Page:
The UK e-Science Programme [?], which ran for many years, developed a range of tools and services to support the use of Grid computing infrastructure and funded a range of interdisciplinary, collaborative projects focusing on making use of this Grid computing infrastructure easier for scientists across a range of domains. Workflow environments such as Taverna [?] provide a means of executing workflows consisting of multiple components that may be available locally or as remote Web Services. In addition to generic workflow systems, many systems have been developed to assist users in specific domains. Bioinformatics is an example of this where systems such as Galaxy [?] or VisTrails [?] provide domain-specific features to improve the user experience.

With the emergence of cloud computing, including Infrastructure as a Service (IaaS) public cloud platforms such as Amazon EC2 [?] or RackSpace [?] and private cloud frameworks such as OpenStack [?], access to large-scale, remote, distributed infrastructure has become much easier. Other types of architectures such as GPUs and FPGAs provide manifold opportunities for improving code performance but at the cost of the complexity of porting or building new code. Heterogeneous hardware can also require learning different development approaches so frameworks such as OpenCL™ [?], which provides a C-based language for developing cross-platform code, and OpenACC [?], which uses compiler directives to specify code that should be executed on alternative hardware, have emerged to provide a common approach to developing code that can be executed on different platforms. Similarly, OP2 [?] is a framework for running applications on clusters of GPUs or multi-core CPUs. While these language extensions and frameworks provide methods for low-level optimisation, they require skilled developers with an understanding of the underlying hardware in order to be used effectively. Alternatives that offer the potential of supporting a much wider range of developers are compile-time auto-tuning and runtime optimisation. Auto-tuning can be applied in the context of libraries that generate optimised code at build time to undertake their specific functionality, for example, the Optimised Sparse Kernel Interface (OSKI) Library [?] that optimises code for sparse matrix operations. Auto-tuning compilers such as Milepost GCC [?] offer a more general option using advanced functionality to produce compiled code that is optimised for the platform that they are building on.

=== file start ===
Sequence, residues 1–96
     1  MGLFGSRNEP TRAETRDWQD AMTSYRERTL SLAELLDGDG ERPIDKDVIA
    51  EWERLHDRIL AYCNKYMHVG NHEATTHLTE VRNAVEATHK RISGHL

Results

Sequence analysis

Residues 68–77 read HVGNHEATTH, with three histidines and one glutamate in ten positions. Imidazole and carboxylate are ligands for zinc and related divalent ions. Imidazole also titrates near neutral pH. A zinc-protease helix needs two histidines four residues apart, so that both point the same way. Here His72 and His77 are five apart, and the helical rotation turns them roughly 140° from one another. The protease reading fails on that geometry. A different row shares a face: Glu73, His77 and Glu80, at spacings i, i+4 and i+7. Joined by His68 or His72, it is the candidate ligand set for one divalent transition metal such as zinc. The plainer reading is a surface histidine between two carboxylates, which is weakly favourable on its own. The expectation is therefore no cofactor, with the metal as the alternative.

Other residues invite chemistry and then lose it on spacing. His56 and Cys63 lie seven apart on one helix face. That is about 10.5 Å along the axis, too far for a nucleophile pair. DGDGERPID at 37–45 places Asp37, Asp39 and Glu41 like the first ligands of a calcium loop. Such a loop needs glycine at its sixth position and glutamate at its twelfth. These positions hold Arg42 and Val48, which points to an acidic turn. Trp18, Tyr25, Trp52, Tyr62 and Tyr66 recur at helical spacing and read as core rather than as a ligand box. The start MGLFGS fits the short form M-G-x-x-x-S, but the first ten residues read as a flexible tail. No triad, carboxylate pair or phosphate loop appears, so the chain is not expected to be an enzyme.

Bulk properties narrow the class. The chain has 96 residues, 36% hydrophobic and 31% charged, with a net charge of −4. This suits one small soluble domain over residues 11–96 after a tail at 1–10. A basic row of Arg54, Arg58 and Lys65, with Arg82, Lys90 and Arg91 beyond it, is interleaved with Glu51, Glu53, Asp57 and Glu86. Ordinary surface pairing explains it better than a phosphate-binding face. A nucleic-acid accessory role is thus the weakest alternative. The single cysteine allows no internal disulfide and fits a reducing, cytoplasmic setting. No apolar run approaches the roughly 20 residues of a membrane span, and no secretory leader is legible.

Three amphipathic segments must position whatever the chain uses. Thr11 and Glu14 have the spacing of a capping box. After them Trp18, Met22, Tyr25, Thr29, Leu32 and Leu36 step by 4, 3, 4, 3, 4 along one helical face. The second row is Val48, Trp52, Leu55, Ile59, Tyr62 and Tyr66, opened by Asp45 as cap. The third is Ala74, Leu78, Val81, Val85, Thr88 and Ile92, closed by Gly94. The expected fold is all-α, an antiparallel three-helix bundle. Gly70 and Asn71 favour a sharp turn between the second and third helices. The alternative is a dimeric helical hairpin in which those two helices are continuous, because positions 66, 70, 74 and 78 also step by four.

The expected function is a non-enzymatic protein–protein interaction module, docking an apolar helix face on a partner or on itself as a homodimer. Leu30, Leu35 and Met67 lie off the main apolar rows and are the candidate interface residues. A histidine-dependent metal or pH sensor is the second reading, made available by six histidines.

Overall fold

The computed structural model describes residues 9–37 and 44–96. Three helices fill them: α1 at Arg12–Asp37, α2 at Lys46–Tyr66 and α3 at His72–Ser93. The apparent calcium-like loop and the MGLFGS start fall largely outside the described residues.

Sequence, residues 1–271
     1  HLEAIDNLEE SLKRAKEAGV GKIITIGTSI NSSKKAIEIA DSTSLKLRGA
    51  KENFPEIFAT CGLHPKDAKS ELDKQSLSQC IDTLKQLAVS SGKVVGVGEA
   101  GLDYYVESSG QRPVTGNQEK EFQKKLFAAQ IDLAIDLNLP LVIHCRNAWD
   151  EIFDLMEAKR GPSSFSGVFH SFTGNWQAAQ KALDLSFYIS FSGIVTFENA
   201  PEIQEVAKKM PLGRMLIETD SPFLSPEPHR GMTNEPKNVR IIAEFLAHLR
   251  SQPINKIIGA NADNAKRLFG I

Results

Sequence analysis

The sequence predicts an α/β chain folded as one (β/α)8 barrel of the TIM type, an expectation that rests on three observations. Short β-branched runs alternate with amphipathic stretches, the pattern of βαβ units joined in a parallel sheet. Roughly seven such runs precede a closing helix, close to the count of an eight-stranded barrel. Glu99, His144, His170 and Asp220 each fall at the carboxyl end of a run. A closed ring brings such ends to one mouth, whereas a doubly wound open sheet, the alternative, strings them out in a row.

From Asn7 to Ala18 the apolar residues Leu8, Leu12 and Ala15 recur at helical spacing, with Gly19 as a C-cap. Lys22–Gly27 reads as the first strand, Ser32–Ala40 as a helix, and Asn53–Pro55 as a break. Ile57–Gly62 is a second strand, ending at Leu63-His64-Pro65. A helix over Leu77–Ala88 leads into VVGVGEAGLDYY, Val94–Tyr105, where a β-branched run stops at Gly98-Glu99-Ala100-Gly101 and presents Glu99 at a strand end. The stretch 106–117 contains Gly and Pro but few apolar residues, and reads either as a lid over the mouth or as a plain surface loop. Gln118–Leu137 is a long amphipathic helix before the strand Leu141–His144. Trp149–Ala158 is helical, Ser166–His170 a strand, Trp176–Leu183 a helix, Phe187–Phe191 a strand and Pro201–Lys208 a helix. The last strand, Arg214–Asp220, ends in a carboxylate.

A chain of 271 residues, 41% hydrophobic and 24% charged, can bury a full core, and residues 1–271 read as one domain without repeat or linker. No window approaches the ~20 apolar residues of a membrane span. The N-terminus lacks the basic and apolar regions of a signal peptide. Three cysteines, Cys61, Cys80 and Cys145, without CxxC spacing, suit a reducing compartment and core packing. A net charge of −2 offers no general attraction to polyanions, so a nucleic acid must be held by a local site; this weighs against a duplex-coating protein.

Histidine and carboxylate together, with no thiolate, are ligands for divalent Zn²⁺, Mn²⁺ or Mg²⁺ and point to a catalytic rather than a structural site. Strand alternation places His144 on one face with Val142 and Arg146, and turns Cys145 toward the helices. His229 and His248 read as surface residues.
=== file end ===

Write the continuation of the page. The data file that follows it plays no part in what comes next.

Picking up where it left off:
What constitutes improvement in computer software? For some individuals it is likely to be better performance, for others it may be ease of use while others may be interested in additional features, greater extensibility or options for customisation. For scientific software, improved accuracy, more realistic models or more advanced algorithms may be of importance. What constitutes improvement is also likely to differ depending on the individual in question. We consider five different profiles for individuals or groups involved in scientific computing:

  • End user: The end user is likely to be a scientist with domain expertise but may not be an expert in software development, numerical methods or the use of computing infrastructure.

  • Method developer: Method developers have domain expertise and software development experience and specialise in formulating scientific algorithms.

  • Application developer: Application developers have extensive software development experience and knowledge of numerical methods, and an understanding of different models of computing infrastructure and how to target application code to this infrastructure effectively.

  • Framework developer: These developers are computer scientists who have a technical understanding of frameworks used to decouple an application from the infrastructure on which it is run. They understand how to bring together the outputs of the various groups and users in the system and to optimise these to support different models of infrastructure.

  • Infrastructure provider: Infrastructure providers provision and operate large-scale infrastructure. They understand the requirements of HPC code and can support the optimal targeting of code to their platform(s).